During the five years between the writing and the performance of this first play, de Gouges wrote many dramas, of which only a few texts survive.

Early in 1787, Finance Minister Calonne persuaded King Louis XVI to assemble a blue-ribbon panel called the assembly of Notables to consider Calonne's reform package to rescue finances. Calonne hoped that the assembly would endorse his reforms, thus influencing the law courts to enregister them. Enthralled by the constant news reports of the Assembly's proceedings, de Gouges turned her imagination to politics.

In 1788, de Gouges published Letter to the People, or Project for a Patriotic Bank by a Female Citizen. She called for a voluntary tax to fund a bank which "would be the envy of all the courts of Europe and shame the law courts" which had refused the king's tax edict. Also in 1788, De Gouges published Reflections on Blacks. She used this work to urge performances of her play Zamour and Myrza (which would be performed the following year), but also made this argument: everywhere in nature one sees variety—different kinds of trees, different kinds of flowers, different kinds of birds, fish, and so forth. Likewise one sees different kinds of human beings. Every kind of human is as precious as trees and other parts of nature are precious. Soon, the Revolution would abolish slavery. Whether or not her work influenced this progress, she was—as in the case of a national bank—in advance of such change.

She Presents Her Declaration of Women's Rights. In the summer of 1791, de Gouges authored her Déclaration des droits de la femme et de la citoyenne (Declaration of the Rights of Woman and the Female Citizen) patterned after the Declaration of the Rights of Man and The Citizen decreed as the first part of the Constitution by the National Assembly in August 1789. De Gouges sent a copy to the National Assembly then ending its term and a copy with a cover letter to Queen Marie Antoinette. No one has found evidence that the queen, or the National Assembly, or its successor the Legislative Assembly, ever admitted to having received it. The Legislative Assembly once voted hommage to de Gouges for "patriotic acts" (not mentioning the Déclaration) and, in its closing days, even received her. The preamble to the Déclaration began with characteristic directness and lack of diplomacy: "Man, are you capable of being just? It is a woman who asks you this question. Who has given you the authority to oppress my sex?" Unspeakably radical then, the Déclaration is still radical today (in it, De Gouges insisted on exact equality, including combat roles in the military).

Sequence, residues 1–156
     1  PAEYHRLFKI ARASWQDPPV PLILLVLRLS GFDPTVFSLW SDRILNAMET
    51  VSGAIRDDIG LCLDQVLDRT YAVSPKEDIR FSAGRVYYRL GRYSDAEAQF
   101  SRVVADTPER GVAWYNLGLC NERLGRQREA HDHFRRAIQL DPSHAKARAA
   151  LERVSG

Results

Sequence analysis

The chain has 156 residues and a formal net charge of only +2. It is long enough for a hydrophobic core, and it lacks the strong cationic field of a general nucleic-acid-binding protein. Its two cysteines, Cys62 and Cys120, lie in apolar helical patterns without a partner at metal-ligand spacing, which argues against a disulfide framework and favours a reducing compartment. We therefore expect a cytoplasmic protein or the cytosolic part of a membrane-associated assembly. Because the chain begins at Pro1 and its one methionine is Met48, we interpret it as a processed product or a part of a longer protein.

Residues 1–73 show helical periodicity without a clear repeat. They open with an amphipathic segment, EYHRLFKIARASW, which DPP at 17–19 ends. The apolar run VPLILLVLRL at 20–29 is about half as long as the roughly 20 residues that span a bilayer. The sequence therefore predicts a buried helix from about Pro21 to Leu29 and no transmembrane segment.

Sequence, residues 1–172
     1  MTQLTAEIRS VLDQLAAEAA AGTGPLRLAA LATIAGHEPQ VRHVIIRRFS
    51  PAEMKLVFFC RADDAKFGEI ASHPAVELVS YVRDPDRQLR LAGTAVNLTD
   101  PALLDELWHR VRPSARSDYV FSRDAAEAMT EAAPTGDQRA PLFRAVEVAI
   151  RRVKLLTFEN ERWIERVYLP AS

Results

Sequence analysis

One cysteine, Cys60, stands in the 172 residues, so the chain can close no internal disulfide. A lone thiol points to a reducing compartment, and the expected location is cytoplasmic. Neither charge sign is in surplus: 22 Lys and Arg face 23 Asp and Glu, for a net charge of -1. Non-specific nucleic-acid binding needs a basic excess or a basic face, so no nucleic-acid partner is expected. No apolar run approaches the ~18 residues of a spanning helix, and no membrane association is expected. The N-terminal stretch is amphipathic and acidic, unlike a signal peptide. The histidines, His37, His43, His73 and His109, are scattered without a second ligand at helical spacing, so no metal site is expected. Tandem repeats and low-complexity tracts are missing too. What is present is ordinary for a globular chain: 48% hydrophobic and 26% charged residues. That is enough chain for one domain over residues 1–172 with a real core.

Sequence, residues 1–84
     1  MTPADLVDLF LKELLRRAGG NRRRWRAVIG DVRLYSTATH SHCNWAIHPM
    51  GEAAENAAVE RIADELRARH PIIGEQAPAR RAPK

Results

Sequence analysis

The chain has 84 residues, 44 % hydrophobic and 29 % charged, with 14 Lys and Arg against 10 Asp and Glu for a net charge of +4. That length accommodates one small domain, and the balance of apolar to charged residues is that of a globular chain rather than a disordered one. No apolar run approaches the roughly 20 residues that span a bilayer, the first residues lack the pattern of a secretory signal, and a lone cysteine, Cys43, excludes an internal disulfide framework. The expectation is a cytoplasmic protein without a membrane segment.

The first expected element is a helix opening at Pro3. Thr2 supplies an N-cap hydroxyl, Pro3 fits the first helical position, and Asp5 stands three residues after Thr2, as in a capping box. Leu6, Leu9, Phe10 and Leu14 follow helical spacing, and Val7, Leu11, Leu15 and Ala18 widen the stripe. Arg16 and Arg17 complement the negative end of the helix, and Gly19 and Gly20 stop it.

In 1792 de Gouges enthusiastically endorsed the proclamation of the Republic, but attempted to defend King Louis whom the Jacobins insisted on trying for treason. Having overthrown the constitution, the Jacobins now demanded the king's death for violating that same constitution. De Gouges and the Girondins opposed the death sentence and few still argue that they were wrong to do so. The execution of King Louis XVI on January 21, 1793, was followed by the entrance of England into the War of the First Coalition and by a bloodbath in France. The Girondin leadership was arrested in the early summer of 1793 and guillotined in the fall.

Increasingly, de Gouges viewed Robespierre as a dictator violating liberty and the Republic. In a public letter, "Response to the Justification by Maximilien Robespierre, addressed to Jerome Petion, President of the Convention," she asked, "Do you know how far you are from Cato?" Then, continuing the comparison of Mirabeau to the virtuous Roman senator who opposed Pompey, Crassus, and Caesar, she added, "As far as Marat from Mirabeau, as far as the mosquito from the eagle, and as far as the eagle from the sun." That did it, of course. It was de Gouges or Robespierre. De Gouges recognized this. Arrested July 20, 1793, De Gouges was accused before the Paris Tribunal on November 2. The next day she was guillotined. Eight months later, in the Revolutionary month of Thermidor ( July), the majority of Robespierre's Jacobin party surprised and guillotined him. Once again, De Gouges had been ahead of events.